Ukrainian President Zelensky’s fiery April 5 speech to the United Nations Security Council may be the best “the emperor has no clothes!” characterization of the UN’s total impotence in resolving global crises. Some excerpts are well worth reflection:
“So where is the security that the Security Council must guarantee? There is no security. .. So where is the peace that the United Nations was created to guarantee? It is obvious that the key institution of the world, which must ensure the coercion of any aggressors to peace, simply cannot work effectively.”
Zelensky’s volcanic frustration is understandable: his country has been attacked without provocation by a permanent member of the Security Council – the very organ created to assure global security – and the best the UN can do is issue toothless resolutions. Even kicking Russia off the UN Human Rights Council was an empty gesture – as there are members left who are as egregious human rights violators as Russia.
But the funding goes on. Beyond the UN’s massive operating budget of some $50 billion – of which the US, the largest contributor, pays 22% or about $10 billion – there is also a “Peacekeeping” budget of $6.37 billion, of which the US pays about $1.65 billion. This funds the current 12 UN peacekeeping operations around the world, many of which have been ongoing for decades but few of which – if any – offer much hope for success in the foreseeable future. (“Success” meaning a return to any semblance of stability in the country or region involved.) While there have been some successes out of the 70 some peacekeeping missions since the UN’s inception, those have been overshadowed by monumental failures such as the genocide in Rwanda.
Zelensky goes on to state the obvious: “I would like to remind you of the first article of the first chapter of the UN Charter. What is the purpose of our organization? To maintain peace. Now, the UN Charter is being violated literally from the first article. And if so, what is the point of all other articles? The UN system must be reformed immediately so that the right of veto is not a right to kill. So that there is a fair representation of all regions of the world in the Security Council.”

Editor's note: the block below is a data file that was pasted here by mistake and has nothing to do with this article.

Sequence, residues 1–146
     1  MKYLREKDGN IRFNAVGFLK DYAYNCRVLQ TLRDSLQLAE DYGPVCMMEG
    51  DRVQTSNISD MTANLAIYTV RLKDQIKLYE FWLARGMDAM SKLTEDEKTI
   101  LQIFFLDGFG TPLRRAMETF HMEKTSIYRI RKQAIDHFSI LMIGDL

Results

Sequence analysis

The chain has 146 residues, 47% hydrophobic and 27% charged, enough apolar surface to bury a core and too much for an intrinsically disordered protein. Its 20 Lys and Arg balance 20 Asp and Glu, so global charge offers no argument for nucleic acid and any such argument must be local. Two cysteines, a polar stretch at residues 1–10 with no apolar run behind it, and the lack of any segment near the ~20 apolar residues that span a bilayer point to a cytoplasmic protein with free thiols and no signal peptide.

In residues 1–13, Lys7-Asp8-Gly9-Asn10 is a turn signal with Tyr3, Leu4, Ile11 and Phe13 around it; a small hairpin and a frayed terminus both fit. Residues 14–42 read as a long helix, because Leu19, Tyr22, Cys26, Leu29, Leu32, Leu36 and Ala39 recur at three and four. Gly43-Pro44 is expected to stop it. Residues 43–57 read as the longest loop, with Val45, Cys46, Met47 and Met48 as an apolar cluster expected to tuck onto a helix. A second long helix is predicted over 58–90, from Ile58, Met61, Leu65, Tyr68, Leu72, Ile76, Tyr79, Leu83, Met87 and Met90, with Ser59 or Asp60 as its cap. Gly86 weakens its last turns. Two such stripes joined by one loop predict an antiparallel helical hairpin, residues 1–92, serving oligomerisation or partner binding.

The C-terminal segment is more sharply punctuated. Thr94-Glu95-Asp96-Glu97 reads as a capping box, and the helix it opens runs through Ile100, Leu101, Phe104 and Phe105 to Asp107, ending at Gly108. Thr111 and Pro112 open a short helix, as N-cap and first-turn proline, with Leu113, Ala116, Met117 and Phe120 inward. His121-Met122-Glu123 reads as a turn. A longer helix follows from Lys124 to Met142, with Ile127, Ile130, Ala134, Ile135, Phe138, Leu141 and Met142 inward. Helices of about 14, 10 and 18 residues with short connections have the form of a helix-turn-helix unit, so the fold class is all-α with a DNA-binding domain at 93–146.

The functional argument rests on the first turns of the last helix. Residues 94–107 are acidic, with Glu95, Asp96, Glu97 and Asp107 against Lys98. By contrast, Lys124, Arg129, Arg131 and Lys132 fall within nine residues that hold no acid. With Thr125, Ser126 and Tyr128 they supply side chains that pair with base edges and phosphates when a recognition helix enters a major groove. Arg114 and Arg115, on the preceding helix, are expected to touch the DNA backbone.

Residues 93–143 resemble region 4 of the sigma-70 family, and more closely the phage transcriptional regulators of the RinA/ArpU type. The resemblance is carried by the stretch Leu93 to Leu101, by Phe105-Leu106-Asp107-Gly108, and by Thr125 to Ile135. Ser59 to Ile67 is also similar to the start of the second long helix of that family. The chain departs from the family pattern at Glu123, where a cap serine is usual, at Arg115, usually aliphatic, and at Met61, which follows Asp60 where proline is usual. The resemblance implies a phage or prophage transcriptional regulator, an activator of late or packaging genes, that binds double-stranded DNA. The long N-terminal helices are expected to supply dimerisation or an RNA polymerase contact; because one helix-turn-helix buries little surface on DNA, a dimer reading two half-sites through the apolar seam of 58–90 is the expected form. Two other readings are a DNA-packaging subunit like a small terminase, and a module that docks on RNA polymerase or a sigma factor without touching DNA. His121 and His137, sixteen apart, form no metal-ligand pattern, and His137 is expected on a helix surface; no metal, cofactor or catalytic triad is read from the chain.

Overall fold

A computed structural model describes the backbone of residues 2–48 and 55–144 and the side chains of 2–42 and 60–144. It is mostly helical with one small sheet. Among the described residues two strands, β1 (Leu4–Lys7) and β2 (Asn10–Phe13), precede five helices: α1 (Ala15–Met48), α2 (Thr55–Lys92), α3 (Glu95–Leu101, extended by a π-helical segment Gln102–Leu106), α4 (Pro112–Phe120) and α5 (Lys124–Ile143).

This is truth to truth – the fragmentation of the Security Council, with the vast divides between the permanent members (P5), who each wield an absolute veto power, means that there is virtually no chance of any possible UN enforcement of global security. And, if anything, the current disunity on the council will only get worse. With Russia intent on disrupting the current world order, China on establishing a new world order, and France and the UK no longer global powers,– only the US is left as the protector of the global system established by the winners of World War II. If the UN was created today, the Security Council would look completely different: in recent years a number of major regional powers have voiced logical reasons for inclusion (i.e., the EU, India, Brazil, and South Africa, among others.)
What the Ukraine war is showing so clearly is that we are at a crossroads. The world can either keep the current UN security system at great cost – both in money and human suffering – with its paralysis in the face of global crises, or undertake serious reform. And despite my eternal optimism about most things, I just don’t see today’s world coming together on such a divisive topic. But failing that, as the Ukrainian president so well concludes: “If your current format is unalterable and there is simply no way out, then the only option would be to dissolve yourself altogether.” Amen!
Ambassador Tibor Nagy was most recently Assistant Secretary of State for Africa after serving as Texas Tech’s Vice Provost for International Affairs and a 30-year career as a US Diplomat.